Albert Sidney Johnston American arms battle beautiful blood called Carcassonne character charm Christian Christian Reid civilization Confederate Congress Constitution dark death duty earth England English eyes face faith father Federal feel feller flowers friends George Tucker Georgia glory gwine hand heart Henry Timrod hills honor human J. E. B. Stuart JAMES HENLEY THORNWELL Jenifer Johnston Pettigrew land light literary literature live look memory ment mind nature never night North o'er party passed peace poems poet poetry political President principles Robert Toombs Roman rose Senate slaves smile song soon soul South Carolina Southern speech spirit story sweet Taylor thar thee ther things Thompson thou thought Ticknor Timrod tion Toombs truth Tucker Tyler Union United United States Senate Virginia whar Wheatham William Gilmore Simms
Page 5532 - It is impossible that the allied powers should extend their political system to any portion of either continent without endangering our peace and happiness; nor can any one believe that our Southern brethren, if left to themselves, would adopt it of their own accord.
Page 5428 - The fact is so; and these people of the southern colonies are much more strongly, and with a higher and more stubborn spirit, attached to liberty than those to the northward. Such were all the ancient commonwealths, such were our Gothic ancestors, such in our days were the Poles, and such will be all masters of slaves who are not slaves themselves. In such a people, the haughtiness of domination combines with the spirit of freedom, fortifies it, and renders it invincible.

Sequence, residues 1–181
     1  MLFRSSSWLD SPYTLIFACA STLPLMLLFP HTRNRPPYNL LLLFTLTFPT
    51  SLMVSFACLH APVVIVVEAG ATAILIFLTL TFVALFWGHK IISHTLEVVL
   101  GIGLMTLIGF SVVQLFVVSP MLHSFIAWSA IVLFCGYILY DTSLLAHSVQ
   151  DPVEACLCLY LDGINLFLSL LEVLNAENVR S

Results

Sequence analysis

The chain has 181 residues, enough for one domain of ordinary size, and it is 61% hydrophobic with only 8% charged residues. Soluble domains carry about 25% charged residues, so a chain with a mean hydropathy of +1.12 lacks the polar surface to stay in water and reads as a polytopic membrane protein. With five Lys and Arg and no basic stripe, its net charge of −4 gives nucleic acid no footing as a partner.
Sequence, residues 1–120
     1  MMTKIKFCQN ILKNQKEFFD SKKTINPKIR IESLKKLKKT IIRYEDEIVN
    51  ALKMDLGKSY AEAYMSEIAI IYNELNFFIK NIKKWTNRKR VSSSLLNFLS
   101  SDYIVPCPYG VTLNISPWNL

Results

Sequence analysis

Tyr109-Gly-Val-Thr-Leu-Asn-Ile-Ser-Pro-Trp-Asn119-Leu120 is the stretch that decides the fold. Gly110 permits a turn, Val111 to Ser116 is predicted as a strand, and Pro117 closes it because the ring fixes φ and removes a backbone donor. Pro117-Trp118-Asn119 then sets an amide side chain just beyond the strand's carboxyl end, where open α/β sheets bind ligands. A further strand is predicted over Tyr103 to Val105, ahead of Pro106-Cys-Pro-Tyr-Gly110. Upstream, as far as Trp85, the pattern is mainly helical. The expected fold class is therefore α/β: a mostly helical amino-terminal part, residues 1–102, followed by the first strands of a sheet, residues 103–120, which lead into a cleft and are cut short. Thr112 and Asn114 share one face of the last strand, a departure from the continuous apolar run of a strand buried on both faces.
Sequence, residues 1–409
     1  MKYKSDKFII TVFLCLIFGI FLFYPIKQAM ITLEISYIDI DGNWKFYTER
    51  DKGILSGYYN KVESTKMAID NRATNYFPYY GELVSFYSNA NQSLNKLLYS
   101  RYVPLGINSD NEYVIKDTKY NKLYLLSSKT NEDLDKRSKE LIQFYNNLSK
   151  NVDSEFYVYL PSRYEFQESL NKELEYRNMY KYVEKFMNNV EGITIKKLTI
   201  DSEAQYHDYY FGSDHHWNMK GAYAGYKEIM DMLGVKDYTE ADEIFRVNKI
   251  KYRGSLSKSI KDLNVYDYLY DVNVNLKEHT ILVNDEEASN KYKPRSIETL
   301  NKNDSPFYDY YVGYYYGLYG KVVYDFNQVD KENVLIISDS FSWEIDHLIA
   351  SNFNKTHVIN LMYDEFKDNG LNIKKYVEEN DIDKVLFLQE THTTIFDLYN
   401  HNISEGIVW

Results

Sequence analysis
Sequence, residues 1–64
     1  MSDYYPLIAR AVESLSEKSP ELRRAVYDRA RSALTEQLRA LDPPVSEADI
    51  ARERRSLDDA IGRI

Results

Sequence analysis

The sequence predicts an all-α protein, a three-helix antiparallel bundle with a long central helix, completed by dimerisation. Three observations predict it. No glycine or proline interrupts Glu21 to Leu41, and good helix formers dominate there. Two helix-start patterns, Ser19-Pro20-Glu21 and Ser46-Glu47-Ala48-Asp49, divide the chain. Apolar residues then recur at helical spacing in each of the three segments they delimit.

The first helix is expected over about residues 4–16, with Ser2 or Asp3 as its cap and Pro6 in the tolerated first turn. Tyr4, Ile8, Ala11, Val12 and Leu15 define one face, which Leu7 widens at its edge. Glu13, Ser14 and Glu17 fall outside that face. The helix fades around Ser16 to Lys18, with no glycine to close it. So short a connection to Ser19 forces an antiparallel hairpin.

Page 5564 - No other institution is left standing which carries the mind back to the times when the smoke of sacrifice rose from the Pantheon, and when camelopards and tigers bounded in the Flavian amphitheatre.
Page 5569 - If there be among you a poor man of one of thy brethren within any of thy gates in thy land which the LORD thy God giveth thee, thou shalt not harden thine heart, nor shut thine hand from thy poor brother : but thou shalt open thine hand wide unto him. and shalt surely lend him sufficient for his need, in that which he wanteth.
Page 5591 - bated breath and whispering humbleness, Say this: "Fair Sir, you spit on me on Wednesday last; You spurn'd me such a day; another time You called me — dog; and for these courtesies I'll lend you thus much moneys ?
Page 5564 - She saw the commencement of all the governments, and of all the ecclesiastical establishments, that now exist in the world ; and we feel no assurance that she is not destined to see the end of them all. She was great and respected before the Saxon had set foot on Britain — before the Frank had passed the Rhine — when Grecian eloquence still flourished at Antioch — when idols were still worshipped in the temple of Mecca.
Page 5589 - Tis a little thing To give a cup of water ; yet its draught Of cool refreshment, drained by fevered lips, May give a shock of pleasure to the frame More exquisite than when Nectarean juice Renews the life of joy in happiest hours.
Page 5208 - First in war, first in peace, first in the hearts of his countrymen," was originally used in the resolutions presented to Congress on the death of Washington, December, 1799.